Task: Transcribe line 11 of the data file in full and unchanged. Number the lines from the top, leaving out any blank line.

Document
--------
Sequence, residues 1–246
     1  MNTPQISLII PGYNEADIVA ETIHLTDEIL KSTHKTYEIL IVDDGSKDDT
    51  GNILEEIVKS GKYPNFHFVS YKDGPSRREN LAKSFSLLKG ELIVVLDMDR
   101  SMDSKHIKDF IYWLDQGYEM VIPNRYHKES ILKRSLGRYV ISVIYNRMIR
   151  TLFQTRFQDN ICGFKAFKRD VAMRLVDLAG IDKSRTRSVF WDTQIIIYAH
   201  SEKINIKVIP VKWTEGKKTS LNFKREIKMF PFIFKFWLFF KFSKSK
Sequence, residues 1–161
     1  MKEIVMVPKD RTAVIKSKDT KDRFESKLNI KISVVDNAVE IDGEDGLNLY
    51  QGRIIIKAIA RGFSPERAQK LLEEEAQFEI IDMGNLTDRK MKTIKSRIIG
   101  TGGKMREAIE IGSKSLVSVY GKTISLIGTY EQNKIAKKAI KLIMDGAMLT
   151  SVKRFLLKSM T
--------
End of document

   151  SVKRFLLKSM T